I can't tell if this is a reference to Big Bang Theory.

I can’t tell if this is a reference to Big Bang Theory.

 

As I state in the obligatory disclaimer, I was playing a preview, and I suspect all of the things I encountered that irritated me about the game (with the exception of the sense of humor from time to time) came from that preview status. More than once I managed to suddenly quit the game by accidentally tapping Q on my keyboard. (Don’t ask why my fingers were floating in that area, since the game can be played almost entirely with the mouse. Muscle memory causes my hand to align over wasd when playing games.) I had a heck of a time figuring out how to save, or if I had done so correctly, so I found myself playing the game from the start more than once. That lengthy introductory video, by the way? Not skippable.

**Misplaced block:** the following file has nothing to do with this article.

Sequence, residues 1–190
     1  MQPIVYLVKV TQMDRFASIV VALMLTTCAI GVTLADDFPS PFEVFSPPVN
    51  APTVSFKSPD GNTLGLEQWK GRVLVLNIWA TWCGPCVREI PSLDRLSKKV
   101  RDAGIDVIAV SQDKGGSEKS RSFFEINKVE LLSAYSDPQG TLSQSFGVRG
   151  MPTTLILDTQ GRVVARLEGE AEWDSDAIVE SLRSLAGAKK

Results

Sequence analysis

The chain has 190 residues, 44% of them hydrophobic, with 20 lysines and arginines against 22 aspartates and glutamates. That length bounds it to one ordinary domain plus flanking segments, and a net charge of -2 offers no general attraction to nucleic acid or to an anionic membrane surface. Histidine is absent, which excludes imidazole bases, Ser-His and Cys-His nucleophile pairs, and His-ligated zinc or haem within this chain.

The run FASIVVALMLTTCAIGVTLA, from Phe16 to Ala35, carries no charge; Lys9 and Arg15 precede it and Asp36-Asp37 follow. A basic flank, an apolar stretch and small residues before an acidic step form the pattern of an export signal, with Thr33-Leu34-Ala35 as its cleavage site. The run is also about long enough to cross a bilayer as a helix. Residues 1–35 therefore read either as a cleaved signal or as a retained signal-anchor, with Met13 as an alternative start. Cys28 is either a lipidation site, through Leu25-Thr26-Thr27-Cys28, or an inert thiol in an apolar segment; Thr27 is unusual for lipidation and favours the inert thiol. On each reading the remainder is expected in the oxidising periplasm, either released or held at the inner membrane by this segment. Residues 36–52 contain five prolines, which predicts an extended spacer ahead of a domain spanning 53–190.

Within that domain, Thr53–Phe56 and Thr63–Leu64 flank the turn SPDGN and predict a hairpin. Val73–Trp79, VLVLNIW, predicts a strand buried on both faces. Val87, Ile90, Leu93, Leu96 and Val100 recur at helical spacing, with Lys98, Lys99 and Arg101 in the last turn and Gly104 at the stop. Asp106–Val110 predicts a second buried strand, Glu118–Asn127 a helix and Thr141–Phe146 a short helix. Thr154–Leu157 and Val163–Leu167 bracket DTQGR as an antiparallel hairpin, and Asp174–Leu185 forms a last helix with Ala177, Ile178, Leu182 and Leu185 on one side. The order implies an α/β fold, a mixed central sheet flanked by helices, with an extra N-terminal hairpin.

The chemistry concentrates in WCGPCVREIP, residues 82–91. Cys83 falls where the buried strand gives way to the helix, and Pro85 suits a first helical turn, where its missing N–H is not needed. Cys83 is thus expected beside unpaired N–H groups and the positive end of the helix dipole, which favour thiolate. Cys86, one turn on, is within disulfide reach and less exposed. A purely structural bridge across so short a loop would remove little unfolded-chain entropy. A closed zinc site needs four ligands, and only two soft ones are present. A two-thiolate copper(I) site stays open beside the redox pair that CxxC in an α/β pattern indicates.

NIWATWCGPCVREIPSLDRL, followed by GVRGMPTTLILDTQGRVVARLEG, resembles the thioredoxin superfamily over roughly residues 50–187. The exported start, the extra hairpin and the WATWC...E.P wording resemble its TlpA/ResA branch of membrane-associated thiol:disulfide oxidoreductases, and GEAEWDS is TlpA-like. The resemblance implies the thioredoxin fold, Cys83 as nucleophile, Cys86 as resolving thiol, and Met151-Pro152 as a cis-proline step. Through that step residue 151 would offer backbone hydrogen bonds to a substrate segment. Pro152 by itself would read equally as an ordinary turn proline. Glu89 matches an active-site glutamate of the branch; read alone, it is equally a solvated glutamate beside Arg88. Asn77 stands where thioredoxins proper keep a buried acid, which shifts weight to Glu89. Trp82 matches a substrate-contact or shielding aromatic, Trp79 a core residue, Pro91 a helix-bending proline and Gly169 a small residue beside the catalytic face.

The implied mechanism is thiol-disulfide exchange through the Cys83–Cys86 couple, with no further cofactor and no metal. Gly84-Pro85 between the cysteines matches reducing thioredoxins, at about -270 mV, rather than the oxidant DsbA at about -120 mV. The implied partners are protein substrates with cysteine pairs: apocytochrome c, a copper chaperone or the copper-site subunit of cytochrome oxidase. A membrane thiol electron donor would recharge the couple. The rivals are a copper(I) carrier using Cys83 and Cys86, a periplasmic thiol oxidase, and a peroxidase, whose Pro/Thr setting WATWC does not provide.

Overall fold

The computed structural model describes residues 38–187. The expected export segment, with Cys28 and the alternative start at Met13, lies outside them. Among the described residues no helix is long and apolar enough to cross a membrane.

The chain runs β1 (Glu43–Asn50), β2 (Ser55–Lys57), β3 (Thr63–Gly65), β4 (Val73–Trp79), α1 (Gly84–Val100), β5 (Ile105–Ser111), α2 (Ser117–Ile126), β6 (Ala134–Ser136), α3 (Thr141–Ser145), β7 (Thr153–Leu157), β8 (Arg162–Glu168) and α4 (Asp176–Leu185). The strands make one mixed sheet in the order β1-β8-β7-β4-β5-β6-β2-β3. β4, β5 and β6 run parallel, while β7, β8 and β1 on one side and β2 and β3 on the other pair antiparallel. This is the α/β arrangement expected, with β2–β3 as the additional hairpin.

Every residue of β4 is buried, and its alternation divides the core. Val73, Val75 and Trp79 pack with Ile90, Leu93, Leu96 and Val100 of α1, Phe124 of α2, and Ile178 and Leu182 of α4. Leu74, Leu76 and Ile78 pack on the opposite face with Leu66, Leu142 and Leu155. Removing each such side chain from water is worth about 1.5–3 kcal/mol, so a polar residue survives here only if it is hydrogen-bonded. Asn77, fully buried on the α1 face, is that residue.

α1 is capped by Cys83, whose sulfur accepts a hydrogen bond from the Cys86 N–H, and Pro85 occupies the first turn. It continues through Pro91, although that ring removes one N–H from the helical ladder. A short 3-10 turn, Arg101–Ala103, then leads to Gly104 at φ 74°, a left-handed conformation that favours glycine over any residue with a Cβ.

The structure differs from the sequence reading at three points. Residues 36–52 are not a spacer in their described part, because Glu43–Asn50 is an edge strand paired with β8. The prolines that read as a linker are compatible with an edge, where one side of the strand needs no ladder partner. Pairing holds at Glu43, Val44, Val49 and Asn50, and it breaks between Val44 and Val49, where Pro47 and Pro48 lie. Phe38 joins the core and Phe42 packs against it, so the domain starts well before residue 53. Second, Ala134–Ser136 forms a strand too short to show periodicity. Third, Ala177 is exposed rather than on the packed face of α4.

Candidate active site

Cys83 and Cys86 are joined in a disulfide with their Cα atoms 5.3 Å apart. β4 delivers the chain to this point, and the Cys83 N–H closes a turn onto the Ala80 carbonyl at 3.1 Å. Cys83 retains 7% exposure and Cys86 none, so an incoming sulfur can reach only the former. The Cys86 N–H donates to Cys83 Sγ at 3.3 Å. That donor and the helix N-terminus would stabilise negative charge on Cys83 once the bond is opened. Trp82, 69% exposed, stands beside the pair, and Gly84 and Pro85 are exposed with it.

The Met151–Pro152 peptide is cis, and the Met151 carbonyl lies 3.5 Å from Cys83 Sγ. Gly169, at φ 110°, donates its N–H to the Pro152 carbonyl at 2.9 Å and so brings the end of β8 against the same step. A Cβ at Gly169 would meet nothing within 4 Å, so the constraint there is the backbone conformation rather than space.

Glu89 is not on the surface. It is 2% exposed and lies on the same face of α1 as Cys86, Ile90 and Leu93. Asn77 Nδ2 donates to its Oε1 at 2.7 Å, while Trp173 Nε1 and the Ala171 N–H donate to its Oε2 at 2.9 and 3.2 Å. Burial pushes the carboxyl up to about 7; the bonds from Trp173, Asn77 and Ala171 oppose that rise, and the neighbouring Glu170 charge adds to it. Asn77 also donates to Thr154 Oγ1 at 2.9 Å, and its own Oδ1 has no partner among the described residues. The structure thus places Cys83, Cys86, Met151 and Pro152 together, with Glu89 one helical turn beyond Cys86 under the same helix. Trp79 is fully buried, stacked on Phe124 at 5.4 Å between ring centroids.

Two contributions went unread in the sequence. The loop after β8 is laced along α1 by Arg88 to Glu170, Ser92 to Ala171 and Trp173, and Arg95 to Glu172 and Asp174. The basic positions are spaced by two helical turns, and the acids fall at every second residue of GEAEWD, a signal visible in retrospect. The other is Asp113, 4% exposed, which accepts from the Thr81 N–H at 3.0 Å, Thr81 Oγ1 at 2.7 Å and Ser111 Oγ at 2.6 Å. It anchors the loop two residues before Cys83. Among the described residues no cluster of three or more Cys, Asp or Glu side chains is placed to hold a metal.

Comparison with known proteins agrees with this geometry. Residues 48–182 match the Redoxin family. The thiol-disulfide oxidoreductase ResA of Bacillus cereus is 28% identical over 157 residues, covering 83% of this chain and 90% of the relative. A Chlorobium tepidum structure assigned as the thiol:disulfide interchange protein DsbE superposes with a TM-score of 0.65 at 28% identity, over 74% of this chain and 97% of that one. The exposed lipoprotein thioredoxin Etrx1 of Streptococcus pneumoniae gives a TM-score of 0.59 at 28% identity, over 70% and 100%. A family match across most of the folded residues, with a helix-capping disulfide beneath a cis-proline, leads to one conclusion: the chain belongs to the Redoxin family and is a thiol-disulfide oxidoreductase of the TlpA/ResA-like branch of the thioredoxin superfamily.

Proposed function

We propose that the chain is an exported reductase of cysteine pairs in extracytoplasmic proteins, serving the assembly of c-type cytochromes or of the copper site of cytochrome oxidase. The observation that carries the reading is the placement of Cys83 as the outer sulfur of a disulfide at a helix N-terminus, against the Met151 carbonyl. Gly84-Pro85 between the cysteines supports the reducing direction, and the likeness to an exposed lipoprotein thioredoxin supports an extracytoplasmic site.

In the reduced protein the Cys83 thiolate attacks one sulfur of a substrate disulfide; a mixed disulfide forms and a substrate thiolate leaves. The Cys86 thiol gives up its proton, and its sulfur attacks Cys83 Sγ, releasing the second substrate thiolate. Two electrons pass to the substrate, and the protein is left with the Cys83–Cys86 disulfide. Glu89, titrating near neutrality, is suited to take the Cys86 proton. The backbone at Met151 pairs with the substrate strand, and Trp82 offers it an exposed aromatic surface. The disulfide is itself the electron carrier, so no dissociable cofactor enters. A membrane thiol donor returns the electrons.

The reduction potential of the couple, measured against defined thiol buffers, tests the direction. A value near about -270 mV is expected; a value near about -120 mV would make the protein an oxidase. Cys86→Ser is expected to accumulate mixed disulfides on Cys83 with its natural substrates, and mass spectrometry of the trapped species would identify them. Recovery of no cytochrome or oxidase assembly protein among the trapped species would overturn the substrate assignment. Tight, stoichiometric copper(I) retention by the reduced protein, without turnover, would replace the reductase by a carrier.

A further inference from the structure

Other than that, I’d say Randal’s Monday is shaping up to be a pretty solid game. There is a fairly substantial hunk of the gaming community who bear a not-too-subtle resemblance to Randal’s attitude, and the events and theme of this game will suit them quite well. For everyone else, if you can shrug off a few crass jokes, you’ll find a well-made adventure game with very high production value.

 

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About Decoychunk

Editor, Writer, and general Knower-Of-Words, if there is text to be read on BrainLazy, Joseph Lallo probably has his fingerprints on it. As the final third of the ownership and foundation of BrainLazy, Joseph “Jo” Lallo made a name for himself when he lost the “e” from his nickname in an arm wrestling match with a witch doctor. Residing in the arid lowlands of the American Southwest, Joseph Lallo is a small, herbivorous, rabbit-like creature with the horns of an antelope. He sleeps belly up, and his milk can be used for medicinal purposes. Joseph Lallo is also author of several books, including The Book of Deacon Series, book 1 of which is available for free here.